Following the allocation of SOL 37% of the tokens went to initial investors, 38% of pre-mined rewards and airdrop, while 25% went to the founders of the project. SoL's pre-launch private sale came with a 9-month lockup after the network launched. Becoming a validator on the SOL ecosystem is also easy with little barrier to entry. Validators are responsible for verifying transactions on the blockchain, and they receive token rewards in return for verifying those transactions. On other networks, there are lots of barriers to entry which may be another reason for the increase in SOL popularity and value. On Ethereim, for example, validators need to stake 32 Etherem to become a validator, that amount may not seem huge at 32, but the actual price for that amount of Ethereum at the time of writing this article is worth $132,184.2665. You can imagine how expensive it is. The system requirements for becoming a validator on SOL is the only drawback as it is pretty high, and the cost of the hardware may be so expensive. On the SOL website, it is stated that the requirements are 12 cores, 24 threads, 2.8 GHz or faster, and 128 GB or more in motherboard capacity. Voting fees on the Solana network costs 1.1 SOL daily. Solana also went down for around 6 hours in December 2020., although this did not affect the price of the token so much. Most of the 1,000 validator nodes currently on the network are owned by the development team, which brings the decentralization of the SOL network into question.
Like Ethereum, Solana supports the development of applications and decentralized protocols according to the native chain standard. Popular cryptocurrency exchange, FTX has also integrated Solan with their NFT Marketplace. In terms of compatibility with other networks, Solana uses Rust while Ethereum uses Solidity which makes Solana less compatible with Ethereum apps.
Recently, however, a new bridge called the wormhole has been launched to resolve the compatibility between Solana and Ethereum. The bridge, which is much like the synapse bridge allows users to move their digital assets from Ethereum to SOL and from SOL to Ethereum.
The Solana DeFi ecosystem consists of NFT platforms that allow users to exchange digital assets as well as decentralized financial protocols which allow users to stake their tokens and gain exposure to earn interest on their cryptocurrency. Interacting with these platforms requires wallets like the Phantom or Sollet which are the most popular and reliable wallets on SOL. You may hardly find a borrowing protocol on Solana which is tiring but thanks to platforms like Port Finance that allows users to borrow more than 50% of their assets held as collateral in SOL.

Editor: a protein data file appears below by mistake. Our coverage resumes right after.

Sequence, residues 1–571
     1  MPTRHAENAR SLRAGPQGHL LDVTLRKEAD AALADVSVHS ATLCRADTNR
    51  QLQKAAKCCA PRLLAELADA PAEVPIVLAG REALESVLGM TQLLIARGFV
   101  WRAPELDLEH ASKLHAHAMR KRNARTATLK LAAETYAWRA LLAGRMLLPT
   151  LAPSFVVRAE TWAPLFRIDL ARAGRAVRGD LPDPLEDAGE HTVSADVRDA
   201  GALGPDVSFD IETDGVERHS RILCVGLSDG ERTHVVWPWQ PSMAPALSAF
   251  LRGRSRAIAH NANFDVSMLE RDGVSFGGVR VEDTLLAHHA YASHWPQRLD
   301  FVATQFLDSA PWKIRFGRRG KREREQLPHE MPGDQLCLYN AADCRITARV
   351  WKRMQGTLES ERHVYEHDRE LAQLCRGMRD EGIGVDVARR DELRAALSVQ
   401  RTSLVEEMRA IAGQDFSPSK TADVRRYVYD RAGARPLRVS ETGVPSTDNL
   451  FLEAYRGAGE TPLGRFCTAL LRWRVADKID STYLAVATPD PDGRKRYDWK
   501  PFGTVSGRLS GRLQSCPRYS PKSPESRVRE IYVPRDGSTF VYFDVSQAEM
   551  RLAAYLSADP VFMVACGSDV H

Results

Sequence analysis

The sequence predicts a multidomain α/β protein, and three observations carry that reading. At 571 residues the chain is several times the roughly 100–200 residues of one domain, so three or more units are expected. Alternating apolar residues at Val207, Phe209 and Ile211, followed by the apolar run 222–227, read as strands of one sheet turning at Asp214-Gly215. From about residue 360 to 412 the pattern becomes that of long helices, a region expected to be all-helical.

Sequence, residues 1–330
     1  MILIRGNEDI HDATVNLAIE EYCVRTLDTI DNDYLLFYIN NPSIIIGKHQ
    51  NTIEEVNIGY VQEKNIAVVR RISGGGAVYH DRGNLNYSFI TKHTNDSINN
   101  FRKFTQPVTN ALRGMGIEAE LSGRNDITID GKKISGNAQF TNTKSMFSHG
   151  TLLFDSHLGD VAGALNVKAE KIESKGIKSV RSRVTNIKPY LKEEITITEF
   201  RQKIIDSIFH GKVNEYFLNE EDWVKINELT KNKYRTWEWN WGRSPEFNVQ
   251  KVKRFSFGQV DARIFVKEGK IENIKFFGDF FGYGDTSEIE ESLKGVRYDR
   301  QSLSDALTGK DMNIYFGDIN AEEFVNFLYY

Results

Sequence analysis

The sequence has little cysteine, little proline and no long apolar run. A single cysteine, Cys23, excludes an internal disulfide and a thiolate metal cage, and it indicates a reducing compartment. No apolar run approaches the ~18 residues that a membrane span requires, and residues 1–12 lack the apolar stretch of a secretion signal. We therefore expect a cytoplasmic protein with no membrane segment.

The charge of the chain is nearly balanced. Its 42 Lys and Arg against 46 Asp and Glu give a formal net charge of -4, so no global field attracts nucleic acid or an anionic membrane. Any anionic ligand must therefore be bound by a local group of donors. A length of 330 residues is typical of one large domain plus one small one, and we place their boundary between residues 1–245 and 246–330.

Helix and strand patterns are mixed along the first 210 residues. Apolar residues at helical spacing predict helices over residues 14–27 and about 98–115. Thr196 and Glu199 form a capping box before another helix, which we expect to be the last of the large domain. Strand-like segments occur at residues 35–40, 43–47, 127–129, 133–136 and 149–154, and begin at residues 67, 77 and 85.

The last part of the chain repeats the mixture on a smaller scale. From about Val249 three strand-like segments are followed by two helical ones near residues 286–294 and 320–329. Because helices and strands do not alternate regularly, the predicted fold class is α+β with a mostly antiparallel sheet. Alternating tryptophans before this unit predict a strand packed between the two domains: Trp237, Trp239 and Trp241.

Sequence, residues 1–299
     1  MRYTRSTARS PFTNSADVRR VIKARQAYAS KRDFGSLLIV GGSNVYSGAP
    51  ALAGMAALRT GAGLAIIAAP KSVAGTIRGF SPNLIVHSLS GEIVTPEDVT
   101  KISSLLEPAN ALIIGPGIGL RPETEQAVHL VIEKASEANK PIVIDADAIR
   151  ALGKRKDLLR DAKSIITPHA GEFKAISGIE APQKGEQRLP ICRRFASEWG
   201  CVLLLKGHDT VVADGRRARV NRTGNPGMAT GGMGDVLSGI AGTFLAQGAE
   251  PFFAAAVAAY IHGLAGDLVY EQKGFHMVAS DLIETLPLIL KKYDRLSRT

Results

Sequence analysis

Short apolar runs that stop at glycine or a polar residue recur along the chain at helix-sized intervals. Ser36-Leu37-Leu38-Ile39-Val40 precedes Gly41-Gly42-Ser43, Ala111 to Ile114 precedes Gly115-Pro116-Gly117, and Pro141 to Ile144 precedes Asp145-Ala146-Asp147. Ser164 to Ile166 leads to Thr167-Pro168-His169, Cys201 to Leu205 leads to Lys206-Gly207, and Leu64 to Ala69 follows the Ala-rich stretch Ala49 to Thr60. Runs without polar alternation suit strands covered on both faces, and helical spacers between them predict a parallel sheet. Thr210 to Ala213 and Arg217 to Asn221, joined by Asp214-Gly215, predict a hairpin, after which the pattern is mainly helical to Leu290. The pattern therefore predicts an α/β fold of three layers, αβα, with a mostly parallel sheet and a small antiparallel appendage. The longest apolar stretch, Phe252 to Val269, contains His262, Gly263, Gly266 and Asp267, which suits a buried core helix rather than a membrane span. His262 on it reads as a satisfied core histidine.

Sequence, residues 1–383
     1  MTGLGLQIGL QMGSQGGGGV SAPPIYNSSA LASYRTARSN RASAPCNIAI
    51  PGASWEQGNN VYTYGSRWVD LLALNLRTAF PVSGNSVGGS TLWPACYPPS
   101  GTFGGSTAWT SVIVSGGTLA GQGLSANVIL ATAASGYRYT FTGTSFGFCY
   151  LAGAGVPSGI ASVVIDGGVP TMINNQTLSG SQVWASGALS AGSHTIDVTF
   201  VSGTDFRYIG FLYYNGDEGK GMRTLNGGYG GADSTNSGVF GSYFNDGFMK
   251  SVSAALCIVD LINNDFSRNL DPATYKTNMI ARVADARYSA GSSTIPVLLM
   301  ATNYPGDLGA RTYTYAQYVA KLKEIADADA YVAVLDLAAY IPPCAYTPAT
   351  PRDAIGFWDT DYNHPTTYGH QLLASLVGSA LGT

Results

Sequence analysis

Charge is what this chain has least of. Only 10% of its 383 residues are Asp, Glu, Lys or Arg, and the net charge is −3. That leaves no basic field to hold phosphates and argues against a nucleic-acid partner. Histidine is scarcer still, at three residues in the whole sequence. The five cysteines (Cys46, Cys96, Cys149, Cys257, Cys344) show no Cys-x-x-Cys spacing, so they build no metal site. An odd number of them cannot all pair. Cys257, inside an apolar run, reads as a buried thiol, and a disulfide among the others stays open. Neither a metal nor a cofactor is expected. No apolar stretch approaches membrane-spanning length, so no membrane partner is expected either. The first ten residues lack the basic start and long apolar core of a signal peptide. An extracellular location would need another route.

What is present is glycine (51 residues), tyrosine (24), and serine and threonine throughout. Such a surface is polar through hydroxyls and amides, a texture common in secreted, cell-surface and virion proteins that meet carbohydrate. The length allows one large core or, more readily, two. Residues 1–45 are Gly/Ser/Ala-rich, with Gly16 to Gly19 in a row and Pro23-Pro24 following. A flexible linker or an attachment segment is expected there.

Protocols like Saber allow token holders to make their investment decision and profit from providing liquidity with pegged assets. Holders of USDC can profit up to 11% to 28% APY paid in the governance token of the platform SBR tokens. The lower transaction costs are partly a driver of the finance DeFi activities on Solana with a TVL, or total value locked of hundreds of millions of dollars for individual projects.
Another interesting project in the SOL DeFi ecosystem is Radyum which has its native token Ray listed on several exchanges. Raydium is a leveraged staking platform with allows you to gain more exposure to yield farming investments than the amount you hold on your portfolio. There are currently thousands of farms on Raydium most of which involve new or old tokens of projects running on Solana.
Yield farming protocols on the SOL DeFi ecosystem use the same AMM constant product market maker function to enable exchange between tokens while relying on prices provided by oracles or centralized exchanges. Francium finance is a yield aggregator which allows users to create their custom yield farming strategies and auto compound the rewards on staked tokens in the yield farm. Users can earn yield farming rewards in stablecoins on Francium finance. Francium also plans to make leverage yield farming available to its users.
Another protocol that helps yield farmers earn money on their staked stablecoins essential higher than they will get from staking the same coins in decentralized yield farming protocols is Mercurial finance. The focus of the project is to drive liquidity and adoption of stablecoins on SOL, improve utilization of yields on their protocol, create a grant program for key community members, develop a system for MER utility and function.
Synthetify is a decentralized asset exchange on the SOL blockchain that tracks the price of specific assets based on the SPL token standards allows interoperability with other DeFi applications like automated market maker protocols on other blockchains. The platform also offers lost-of-yield farming pools with interesting returns on stablecoins on other digital assets. The decentralized NFT marketplaces on SOL are explored in our SOL NFT article. Other remarkable DeFi applications include Solend, a platform for borrowing and lending digital assets.
Launching smart contracts on Solana is not easy as the programming language, Rust used by the platform is not beginner-friendly. Just to put this into context, Rust is a low-level programming language. Solana smart contracts are stateless and read-only. Once it is deployed, third-party smart contracts can interact with the smart contract we have deployed, and store data locally on their account.